This episode pretty much picks up where the previous one finished, so we see Barracuda pulling into port with an ambulance crew waiting for Jack. Although the incidental music is still set on “sinister and anxious” at least he’s awake and is his usual cantankerous self (which is a good sign). “Where are you guys taking me? I’m not going to St Hilda’s. I had a wisdom tooth out there”. Three guesses which hospital he ends up at …
I like the way that Tom later insists that Leo should stay with Jack at the hospital (Tom never seems to stop and consider that maybe he should stay). Leo is slightly whiny (“why me?”) but you know that since he’s such a good natured-soul he’ll be happy to do so. And so he does.
The way that the episode deals with Avril’s reaction to the news is very interesting. Tom calls her (she’s at Jan’s house – helping to investigate the saga of the stolen designs) and when she takes the receiver we see her face suddenly fall. But then we cut to Tom (“oh, no, no, Avril, it’s all right”) and we don’t cut back to Avril again.
What’s very notable is that after this moment Avril doesn’t mention her father for the remainder of the episode. All of her scenes are business related – jousting with Charles and Gerald, wining and dining new recruit Sarah – meaning that her father seems to be low on her list of priorities. Harsh? Maybe, but whilst we’re told that she does visit Jack in hospital, we don’t actually see it (whereas we are witness to Kate’s visit – where she dishes out a typical dollop of good old-fashioned common sense, much to Jack’s disgust!)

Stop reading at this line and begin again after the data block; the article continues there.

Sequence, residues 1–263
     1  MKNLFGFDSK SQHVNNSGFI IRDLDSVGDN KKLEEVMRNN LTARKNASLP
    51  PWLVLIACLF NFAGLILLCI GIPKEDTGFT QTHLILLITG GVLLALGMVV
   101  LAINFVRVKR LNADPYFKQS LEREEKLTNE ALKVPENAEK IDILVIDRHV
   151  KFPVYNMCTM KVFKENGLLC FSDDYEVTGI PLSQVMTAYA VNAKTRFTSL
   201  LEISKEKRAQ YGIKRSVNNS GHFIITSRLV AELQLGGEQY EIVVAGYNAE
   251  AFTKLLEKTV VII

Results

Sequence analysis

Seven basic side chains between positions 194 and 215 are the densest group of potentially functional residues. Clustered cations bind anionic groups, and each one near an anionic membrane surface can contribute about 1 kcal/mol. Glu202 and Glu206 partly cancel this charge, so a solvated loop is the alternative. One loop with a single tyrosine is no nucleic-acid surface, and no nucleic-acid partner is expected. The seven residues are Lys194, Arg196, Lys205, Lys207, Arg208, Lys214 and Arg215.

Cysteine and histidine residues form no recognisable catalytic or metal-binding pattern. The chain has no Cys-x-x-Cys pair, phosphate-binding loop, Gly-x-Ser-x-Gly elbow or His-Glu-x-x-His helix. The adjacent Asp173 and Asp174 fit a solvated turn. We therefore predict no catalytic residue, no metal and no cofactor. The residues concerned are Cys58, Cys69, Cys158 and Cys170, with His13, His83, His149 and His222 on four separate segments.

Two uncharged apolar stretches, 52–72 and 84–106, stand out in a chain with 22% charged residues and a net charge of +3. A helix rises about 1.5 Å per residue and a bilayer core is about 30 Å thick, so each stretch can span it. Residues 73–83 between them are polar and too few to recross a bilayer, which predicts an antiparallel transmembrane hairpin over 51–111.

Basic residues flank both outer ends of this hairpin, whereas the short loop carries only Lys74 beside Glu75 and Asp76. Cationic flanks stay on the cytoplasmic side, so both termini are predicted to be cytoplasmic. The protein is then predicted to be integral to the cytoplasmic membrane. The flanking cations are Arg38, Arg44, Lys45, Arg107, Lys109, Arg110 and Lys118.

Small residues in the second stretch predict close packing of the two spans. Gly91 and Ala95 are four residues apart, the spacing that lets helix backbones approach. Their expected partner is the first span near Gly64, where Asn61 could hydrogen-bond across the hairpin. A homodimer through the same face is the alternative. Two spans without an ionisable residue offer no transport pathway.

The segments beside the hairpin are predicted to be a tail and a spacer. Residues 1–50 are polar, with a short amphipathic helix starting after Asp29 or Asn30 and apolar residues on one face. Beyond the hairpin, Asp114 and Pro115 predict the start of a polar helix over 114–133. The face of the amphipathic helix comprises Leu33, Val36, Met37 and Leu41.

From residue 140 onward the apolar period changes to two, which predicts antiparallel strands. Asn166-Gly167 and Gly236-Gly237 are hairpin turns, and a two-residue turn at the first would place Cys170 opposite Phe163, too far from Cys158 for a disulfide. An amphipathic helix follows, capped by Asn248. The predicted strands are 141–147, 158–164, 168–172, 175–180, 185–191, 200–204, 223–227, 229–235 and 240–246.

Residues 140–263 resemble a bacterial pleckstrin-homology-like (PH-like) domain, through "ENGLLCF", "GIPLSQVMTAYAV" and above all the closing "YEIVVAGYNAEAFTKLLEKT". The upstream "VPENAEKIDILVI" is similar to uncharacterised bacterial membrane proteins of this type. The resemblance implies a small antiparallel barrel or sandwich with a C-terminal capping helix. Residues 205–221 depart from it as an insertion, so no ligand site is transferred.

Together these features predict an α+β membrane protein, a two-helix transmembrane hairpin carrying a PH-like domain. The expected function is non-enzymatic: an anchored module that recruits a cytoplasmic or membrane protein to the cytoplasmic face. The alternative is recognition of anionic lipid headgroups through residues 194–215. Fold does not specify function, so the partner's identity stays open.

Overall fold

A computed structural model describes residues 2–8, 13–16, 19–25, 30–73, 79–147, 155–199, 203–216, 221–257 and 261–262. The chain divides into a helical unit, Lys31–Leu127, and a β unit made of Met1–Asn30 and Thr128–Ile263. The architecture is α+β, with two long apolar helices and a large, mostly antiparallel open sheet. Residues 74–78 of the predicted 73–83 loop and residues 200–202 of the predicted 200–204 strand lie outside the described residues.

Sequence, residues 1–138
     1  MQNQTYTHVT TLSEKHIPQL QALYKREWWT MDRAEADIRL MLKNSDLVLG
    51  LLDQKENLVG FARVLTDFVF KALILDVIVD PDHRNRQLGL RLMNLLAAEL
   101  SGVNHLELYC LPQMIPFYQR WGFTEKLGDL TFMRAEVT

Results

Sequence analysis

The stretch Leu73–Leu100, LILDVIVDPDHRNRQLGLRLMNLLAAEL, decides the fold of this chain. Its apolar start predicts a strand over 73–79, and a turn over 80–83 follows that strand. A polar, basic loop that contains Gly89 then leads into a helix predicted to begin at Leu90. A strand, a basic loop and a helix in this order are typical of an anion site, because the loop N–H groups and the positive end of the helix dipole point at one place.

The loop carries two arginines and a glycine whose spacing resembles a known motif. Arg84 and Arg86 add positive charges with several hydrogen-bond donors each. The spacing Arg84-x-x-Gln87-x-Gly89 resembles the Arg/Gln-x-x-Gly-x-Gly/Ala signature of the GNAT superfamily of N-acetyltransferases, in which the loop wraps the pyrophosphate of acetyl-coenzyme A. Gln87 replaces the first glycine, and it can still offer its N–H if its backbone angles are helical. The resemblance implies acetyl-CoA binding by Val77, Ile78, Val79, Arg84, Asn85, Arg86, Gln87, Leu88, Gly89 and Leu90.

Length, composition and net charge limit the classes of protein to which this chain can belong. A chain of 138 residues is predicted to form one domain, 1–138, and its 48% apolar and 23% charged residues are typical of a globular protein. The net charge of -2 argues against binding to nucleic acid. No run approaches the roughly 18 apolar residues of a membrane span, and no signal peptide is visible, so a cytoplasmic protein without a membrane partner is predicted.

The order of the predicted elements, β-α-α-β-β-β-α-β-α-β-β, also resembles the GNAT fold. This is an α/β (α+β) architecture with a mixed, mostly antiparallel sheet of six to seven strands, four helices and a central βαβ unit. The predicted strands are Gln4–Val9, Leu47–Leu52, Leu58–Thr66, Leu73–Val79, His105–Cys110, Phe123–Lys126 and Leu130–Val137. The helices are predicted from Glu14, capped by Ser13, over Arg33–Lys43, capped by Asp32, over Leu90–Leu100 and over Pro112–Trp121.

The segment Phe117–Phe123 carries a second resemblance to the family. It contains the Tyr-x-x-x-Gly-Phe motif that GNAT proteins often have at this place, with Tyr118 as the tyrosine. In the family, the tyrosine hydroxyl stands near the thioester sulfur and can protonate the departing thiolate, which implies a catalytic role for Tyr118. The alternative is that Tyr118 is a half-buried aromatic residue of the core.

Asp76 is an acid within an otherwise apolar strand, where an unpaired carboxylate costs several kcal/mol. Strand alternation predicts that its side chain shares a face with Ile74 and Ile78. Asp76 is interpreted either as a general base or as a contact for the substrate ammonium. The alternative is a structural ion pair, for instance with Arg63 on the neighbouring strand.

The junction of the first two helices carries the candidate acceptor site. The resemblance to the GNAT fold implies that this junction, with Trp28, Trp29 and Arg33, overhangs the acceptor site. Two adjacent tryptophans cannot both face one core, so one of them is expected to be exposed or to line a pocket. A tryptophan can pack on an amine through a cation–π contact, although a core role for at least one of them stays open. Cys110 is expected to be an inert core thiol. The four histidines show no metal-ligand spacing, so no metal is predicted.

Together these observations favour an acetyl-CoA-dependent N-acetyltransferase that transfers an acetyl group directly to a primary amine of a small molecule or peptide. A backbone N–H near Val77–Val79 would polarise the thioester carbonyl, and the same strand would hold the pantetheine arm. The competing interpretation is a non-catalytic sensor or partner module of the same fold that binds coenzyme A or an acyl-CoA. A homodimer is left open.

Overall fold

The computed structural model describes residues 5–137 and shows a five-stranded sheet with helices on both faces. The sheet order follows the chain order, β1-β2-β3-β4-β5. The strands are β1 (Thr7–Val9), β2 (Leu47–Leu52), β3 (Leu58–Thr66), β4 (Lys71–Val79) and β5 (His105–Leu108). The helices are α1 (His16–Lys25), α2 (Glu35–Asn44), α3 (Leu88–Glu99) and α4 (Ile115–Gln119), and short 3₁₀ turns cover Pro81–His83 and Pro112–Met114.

This foregrounding of Avril-as-businesswoman may have been intentional or it could just be the way the scripting turned out – but it does seem odd that we never learn what she thinks about her father’s hospitalisation (even Polly – hardly Jack’s biggest fan – is given a moment to react with dismay at the news).
Jack, you’ll be glad to hear, isn’t too bad at all. He does have an ulcer, but as long as he lays off the booze, cigars and adopts a healthy diet then all will be well. Yes, I can see three things wrong with that picture too.
Dr Bishop (Alexandra Mathie) is something of a tarter, but the fact she’s a woman (something which Jack can’t help but blurt out) seems to stun him the most. Has he not visited many hospitals recently? When she quizzes him about his habits, can you guess what he says when she asks him about drink?
“Oh that’s very kind of you, I’ll have a small scotch please”.
Predictable, yes. But it still raised a smile.
I can’t help but be intrigued by the fact that Alexandra Mathie’s fairly limited cv includes the film Paper Mask (set in a hospital) and television series such as Doctors, Casualty and Coronation Street (where she played a doctor). Was it just coincidence that she seemed to so often play roles which were medically based?
Abby and Polly are continuing to get on well, something which is slightly surprising (I’d have thought by now they’d have regressed to their usual habits). The question of William does slightly divide them, but once again Polly’s attempting to help, as seen when she later visits Charles and asks if he can intercede. This he’s disinclined to do – whatever else he thinks of his father, he knows that he’s more than capable of wresting William away from the Hudsons. Although he does advise that if William arrives in the UK it would be advisable to prise him out of Sir Edward’s clutches. Abby doesn’t seem to have appreciated that Sir Edward may have an agenda for his grandson which is different from hers.